Quick: what’s a six-letter word that if you use over and over, might just win you the most important elected office in the free world?
That magic word is … change. Give yourself a gold star if you guessed correctly. It is the word that is on the lips of every major presidential candidate this election year. Whether they’ve been in office for decades, or around politics only a short time, would-be office holders are saying they will be agents of change at an alarming rate.
Can they really bring about major change in a system that has been largely unchanged for the past 200 years? Probably not. Why, then, is every candidate saying they can, and attempting to sell that message to the voters? Would they blatantly lie to people just to get their support?
The candidates promoting an agenda of change are not necessarily lying and really do want to do things differently than the current administration. However, there is another reason they are talking about change: pure political strategy.
It is well known by campaign operatives that when people are comfortable, happy and satisfied with their lot in life, they don’t feel all that motivated to get out and vote. Why would they? When things are going fine, then the status quo is a lot more attractive.
In order to motivate voters to get up off the couch and go to the polls, you have to make them believe that things are bad, that our government is off track and that their jobs or livelihoods may be in trouble.
When politicians talk about change, they are trying to convince voters that the current administration, or in some cases their opponent, is performing badly and needs to be thrown out. That is truly the only way to motivate a voting block to get to the polls.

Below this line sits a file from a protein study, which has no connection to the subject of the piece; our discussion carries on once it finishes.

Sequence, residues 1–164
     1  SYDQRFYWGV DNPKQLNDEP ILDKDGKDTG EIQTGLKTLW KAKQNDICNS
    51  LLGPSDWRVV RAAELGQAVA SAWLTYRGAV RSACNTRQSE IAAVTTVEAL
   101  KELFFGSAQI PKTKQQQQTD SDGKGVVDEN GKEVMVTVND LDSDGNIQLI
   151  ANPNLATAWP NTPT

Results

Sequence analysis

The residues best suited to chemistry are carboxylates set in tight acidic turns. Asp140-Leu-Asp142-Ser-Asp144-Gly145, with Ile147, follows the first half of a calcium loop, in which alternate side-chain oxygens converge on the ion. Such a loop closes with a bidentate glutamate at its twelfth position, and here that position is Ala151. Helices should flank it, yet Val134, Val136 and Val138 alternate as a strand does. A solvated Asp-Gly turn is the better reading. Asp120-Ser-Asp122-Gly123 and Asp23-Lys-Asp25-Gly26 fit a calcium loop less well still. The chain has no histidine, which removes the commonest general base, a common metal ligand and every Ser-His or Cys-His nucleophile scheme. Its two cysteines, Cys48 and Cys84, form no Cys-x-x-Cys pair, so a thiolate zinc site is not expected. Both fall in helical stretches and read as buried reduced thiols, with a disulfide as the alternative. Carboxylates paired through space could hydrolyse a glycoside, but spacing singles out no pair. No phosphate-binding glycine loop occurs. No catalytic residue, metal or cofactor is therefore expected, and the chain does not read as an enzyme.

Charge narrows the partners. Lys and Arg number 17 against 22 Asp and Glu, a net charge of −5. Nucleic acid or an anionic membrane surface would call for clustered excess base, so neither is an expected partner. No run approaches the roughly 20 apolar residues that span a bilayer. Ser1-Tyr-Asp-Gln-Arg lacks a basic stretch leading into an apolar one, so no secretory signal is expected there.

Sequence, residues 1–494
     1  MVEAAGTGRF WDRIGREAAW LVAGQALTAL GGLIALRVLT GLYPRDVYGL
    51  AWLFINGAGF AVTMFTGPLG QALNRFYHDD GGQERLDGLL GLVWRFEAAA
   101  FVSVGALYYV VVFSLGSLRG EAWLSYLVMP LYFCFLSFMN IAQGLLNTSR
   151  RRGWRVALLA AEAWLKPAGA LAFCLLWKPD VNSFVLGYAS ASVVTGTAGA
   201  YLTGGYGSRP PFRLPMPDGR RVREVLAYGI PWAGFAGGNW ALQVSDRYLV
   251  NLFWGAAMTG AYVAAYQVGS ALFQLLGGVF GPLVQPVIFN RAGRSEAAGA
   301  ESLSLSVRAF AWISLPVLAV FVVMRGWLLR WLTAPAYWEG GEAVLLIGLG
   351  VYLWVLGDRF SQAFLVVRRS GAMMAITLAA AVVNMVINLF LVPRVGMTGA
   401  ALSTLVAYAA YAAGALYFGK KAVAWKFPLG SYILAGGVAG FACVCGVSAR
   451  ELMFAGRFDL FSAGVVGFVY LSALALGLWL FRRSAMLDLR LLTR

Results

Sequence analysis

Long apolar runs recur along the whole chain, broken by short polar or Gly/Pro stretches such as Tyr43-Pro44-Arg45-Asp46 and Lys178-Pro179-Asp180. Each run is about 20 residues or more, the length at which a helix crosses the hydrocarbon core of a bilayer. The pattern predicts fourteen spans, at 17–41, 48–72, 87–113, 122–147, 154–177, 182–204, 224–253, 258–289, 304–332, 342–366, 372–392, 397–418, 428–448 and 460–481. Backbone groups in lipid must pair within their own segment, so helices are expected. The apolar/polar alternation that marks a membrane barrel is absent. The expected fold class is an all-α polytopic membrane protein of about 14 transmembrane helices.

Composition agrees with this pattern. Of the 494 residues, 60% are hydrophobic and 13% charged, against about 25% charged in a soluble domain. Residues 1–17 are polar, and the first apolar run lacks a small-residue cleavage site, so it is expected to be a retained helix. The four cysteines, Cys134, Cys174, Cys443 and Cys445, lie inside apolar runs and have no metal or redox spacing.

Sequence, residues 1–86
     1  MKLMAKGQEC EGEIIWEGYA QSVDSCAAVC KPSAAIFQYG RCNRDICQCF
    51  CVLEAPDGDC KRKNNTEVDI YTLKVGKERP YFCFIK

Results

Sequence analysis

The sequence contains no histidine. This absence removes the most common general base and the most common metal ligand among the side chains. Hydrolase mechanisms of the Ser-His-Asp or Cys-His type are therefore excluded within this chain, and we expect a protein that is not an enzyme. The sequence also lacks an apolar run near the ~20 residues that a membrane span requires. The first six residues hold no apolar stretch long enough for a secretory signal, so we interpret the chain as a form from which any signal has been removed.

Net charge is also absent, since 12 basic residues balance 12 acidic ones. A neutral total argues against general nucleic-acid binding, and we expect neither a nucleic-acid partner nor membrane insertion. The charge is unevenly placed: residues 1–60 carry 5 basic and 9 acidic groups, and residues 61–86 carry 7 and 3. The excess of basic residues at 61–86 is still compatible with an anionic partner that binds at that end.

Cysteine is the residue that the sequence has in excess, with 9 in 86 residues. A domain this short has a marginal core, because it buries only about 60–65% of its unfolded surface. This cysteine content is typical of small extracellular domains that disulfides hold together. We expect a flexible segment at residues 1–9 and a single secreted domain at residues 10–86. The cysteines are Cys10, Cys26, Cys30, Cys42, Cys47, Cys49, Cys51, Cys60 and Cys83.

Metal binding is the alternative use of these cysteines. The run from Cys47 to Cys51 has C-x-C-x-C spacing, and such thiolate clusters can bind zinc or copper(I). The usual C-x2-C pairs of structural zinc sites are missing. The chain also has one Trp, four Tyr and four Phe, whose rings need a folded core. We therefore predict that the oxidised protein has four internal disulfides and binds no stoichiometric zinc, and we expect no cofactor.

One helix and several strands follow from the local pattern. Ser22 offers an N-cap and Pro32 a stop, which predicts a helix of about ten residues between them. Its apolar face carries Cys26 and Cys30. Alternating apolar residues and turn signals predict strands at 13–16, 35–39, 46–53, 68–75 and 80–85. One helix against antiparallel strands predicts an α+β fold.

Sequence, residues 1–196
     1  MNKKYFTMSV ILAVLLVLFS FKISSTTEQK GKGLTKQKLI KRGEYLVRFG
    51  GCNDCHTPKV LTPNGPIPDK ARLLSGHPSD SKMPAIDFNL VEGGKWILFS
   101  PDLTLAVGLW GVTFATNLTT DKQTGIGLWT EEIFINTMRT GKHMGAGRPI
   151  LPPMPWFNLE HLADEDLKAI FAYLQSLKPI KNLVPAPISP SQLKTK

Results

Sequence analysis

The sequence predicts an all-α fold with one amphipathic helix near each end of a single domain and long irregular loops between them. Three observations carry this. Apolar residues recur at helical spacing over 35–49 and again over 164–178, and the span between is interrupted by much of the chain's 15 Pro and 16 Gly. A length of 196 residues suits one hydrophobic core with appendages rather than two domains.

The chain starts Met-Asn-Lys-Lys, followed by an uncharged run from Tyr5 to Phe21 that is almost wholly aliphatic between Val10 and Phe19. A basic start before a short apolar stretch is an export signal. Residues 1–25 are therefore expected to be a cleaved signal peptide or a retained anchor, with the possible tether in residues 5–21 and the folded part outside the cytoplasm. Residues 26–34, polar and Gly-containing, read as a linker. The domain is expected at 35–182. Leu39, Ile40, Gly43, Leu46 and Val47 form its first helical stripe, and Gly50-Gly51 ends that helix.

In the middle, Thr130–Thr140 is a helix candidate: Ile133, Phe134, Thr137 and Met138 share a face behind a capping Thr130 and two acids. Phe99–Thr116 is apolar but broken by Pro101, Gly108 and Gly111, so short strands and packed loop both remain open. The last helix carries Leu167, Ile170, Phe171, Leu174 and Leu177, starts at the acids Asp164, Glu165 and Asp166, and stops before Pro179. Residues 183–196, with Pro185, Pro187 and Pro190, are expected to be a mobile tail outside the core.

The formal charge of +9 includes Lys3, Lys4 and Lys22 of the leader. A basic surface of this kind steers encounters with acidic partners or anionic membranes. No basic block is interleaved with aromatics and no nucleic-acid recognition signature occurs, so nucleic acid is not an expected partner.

Barack Obama used this message brilliantly in the Iowa Caucuses, making voters believe that he was the candidate best suited to fix their troubles and restore the United States to greatness. He did such a fantastic job, even Hillary Clinton had to start talking about change, even though her campaign message has been based on experience.
The change dynamic has worked so well, you are definitely going to see other candidates using it this election cycle, from those running for dog catcher to the highest-profile races on the ballot. If you can convince the electorate that the system is broken, and you are the best mechanic to fix it and save them money, then in this environment, you win.
The only real problem with this kind of mentality is that often, when these agents of change get to public office, because they have little experience they are just unable to successfully navigate a system that is not set up for outsiders. They are often marginalized by the more experienced pros and end up failing to accomplish any of their agenda.
If they manage to survive their first term, you will see them running on a platform of vast experience in the following election, while the next person claiming to fight for change tries to unseat them. It’s a vicious cycle that has been repeated since the first contested elections.